Private equity firm Reverence Capital Partners completed its acquisition of independent broker/dealer network Advisor Group last Friday, and the firm has started to offer retention deals to some of the network’s 7,000 advisors. There are three components to what the firm is calling its Advisor Appreciation Program, the first being a cash award to all advisors with over $250,000 in production and who have been affiliated with Advisor Group for at least one year at the close of the sale to Reverence, according to a source familiar with the program.
Advisors with $250,000 to $300,000 in production will get a one-time cash award of $4,000; $300,000 to $400,000 producers will get $4,250; $400,000 to $500,000 producers will receive $4,500; and those with $500,000 to $600,000 in production will be offered $5,000, according to recruiters who have seen the details of the awards. There are no lockups associated with these deals.
Those with between $600,000 and $1 million in production will be offered 5.5% of trailing 12-months production on a five-year forgivable note, while $1 million plus producers can get 10% of trailing 12-months' production on a five-year forgivable note.
Advisors at Questar Capital Corporation, a broker/dealer acquired by Advisor Group b/d Woodbury Financial Services in March, and Signator Investors, a b/d folded into Royal Alliance in November, won’t be offered retention deals, as they don’t meet the one-year threshold for being affiliated with the firm.
The second component of the deal includes equity incentives; advisors who have both a high level of annual production and accredited investor status can buy equity units in AG Artemis Holdings, the new holding company of Advisor Group, at a discount. Advisors will get one free equity unit for every four units that they purchase.
The final aspect of the program is a product-agnostic growth award for advisors who bring new fee-based or brokerage assets to the Fidelity and Pershing custodial platforms that Advisor Group uses. This could be new assets from existing clients or new client relationships entirely. It would likely be a cash bonus based on basis points on total net new assets that they bring in.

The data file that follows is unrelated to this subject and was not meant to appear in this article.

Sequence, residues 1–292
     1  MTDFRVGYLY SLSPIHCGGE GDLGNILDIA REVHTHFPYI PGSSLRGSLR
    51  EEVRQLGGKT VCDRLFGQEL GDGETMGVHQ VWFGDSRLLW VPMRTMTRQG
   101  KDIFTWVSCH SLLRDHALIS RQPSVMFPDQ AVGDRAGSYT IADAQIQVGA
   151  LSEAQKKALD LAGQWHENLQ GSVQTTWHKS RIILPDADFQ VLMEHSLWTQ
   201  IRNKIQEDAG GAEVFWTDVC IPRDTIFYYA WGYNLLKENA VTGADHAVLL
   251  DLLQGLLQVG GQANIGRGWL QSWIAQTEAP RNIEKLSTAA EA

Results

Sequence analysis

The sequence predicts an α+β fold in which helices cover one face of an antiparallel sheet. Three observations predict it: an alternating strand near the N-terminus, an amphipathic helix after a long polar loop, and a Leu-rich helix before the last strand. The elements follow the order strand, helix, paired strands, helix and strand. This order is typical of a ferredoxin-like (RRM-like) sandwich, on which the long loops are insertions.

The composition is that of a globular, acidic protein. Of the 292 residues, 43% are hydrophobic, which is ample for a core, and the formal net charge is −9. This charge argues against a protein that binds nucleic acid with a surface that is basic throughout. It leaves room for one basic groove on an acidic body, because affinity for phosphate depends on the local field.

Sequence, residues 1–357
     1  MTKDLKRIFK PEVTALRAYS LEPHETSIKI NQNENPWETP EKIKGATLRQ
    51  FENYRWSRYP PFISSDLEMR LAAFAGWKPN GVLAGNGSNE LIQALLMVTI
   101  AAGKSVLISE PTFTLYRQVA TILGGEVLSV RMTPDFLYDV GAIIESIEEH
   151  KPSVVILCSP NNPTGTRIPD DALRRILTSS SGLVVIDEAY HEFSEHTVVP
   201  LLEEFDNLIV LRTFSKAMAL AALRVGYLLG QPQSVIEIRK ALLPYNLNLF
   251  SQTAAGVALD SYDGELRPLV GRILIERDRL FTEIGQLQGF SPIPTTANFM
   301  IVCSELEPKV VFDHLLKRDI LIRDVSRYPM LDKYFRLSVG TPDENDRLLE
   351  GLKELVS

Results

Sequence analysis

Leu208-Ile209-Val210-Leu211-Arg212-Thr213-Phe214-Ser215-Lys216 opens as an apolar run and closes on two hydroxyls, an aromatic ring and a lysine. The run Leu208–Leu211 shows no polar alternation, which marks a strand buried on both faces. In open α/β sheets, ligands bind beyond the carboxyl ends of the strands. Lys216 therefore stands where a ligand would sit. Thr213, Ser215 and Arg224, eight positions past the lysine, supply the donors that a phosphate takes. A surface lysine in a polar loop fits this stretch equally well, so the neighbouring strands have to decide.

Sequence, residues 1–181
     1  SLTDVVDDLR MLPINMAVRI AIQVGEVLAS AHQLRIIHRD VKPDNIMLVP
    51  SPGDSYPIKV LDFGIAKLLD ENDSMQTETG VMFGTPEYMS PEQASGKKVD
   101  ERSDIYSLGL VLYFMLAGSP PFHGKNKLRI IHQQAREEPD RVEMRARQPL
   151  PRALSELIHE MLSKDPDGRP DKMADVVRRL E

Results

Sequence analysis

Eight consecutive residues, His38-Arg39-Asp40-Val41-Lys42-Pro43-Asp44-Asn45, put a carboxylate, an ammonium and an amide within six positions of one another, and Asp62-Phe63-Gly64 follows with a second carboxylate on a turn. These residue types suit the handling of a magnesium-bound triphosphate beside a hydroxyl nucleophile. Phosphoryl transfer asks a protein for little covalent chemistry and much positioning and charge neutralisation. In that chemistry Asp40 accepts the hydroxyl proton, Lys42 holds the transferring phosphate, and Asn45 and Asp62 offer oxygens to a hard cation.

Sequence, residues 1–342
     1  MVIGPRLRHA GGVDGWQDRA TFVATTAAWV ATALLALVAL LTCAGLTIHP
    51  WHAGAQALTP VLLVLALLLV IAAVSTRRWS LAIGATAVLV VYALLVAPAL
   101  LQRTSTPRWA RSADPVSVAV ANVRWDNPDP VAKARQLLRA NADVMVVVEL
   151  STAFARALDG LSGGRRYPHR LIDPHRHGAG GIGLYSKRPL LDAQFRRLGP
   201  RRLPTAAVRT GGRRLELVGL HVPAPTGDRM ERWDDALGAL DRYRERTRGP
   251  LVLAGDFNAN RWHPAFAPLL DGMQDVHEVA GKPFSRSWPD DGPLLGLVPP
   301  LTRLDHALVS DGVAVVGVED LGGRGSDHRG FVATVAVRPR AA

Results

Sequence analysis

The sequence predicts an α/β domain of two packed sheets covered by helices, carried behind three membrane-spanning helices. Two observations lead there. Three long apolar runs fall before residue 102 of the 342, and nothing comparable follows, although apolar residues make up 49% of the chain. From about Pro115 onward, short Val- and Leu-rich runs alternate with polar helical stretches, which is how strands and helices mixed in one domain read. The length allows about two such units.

"We are pleased to continue offering our advisors tangible demonstrations of our appreciation for their commitment to build their businesses and serve their clients," said Jamie Price, CEO of Advisor Group.
The firm has launched a multi-city roadshow for advisors, where management will discuss the Advisor Appreciation program, the SEC's Regulation Best Interest and the firm's new CyberGuard program.
Reverence spokesman Steven Lipin declined to comment on the retention deal.
Some industry observers say the offerings are paltry for those with less than $600,000 in production, compared with industry standards. When Woodbury was acquired by Advisor Group in 2012, for instance, advisors with between $250,000 to $500,000 in production received 5% of trailing 12-months’ production, $500,000 to $1 million producers received 10%, and $1 million plus producers got 15%, said Jonathan Henschen, president of the recruiting firm Henschen & Associates in Marine on St. Croix, Minn. And these advisors were locked in for just three years, not five.
“That’s a typical retention bonus,” Henschen said. “For any of those reps that had the prior retention bonuses, they’ll hear what they’re getting offered now, and think, ‘Well I guess it’s better than nothing,’ or they’ll think, ‘Well, that’s an insulting amount. Do they think that little of me?’”
When the deal was announced, Advisor Group said there would be some kind of appreciation program for advisors who stayed with the firm; that was a good tactic because it kept most advisors in their seats, said one IBD recruiter, who declined to be named. That said, the numbers aren’t as big as many expected, the recruiter said.
“When [advisors] hear there’s going to be retention money, I think most, from the ones I talk to, think it’s going to be a bigger number than that,” she said.
“In comparison to what they could get were they to go someplace else, I suppose Nancy Pelosi would also describe this package as crumbs,” said Ron Edde, president and CEO of Millennium Career Advisors. “If you were to take a poll of all the people that are currently with the firm and say, ‘What is your opinion of the scope of the generosity here?’, most of them would respond with laughter.’”
But Jeff Nash, founder and CEO of BridgeMark Strategies, points out that advisors don’t need to do anything with this change of ownership, compared with other transactions. “At the end of the day advisors definitely have their hands out. It is in effect free money. Which is why it begs the question, should they be getting anything anyway?”
“So far I haven’t seen anything to dislike," said one advisor, who's been with the firm for over a decade. “I don’t have any particular animus toward this deal. Lightyear was a private equity firm that made very clear from day one that it wasn’t a marriage for them."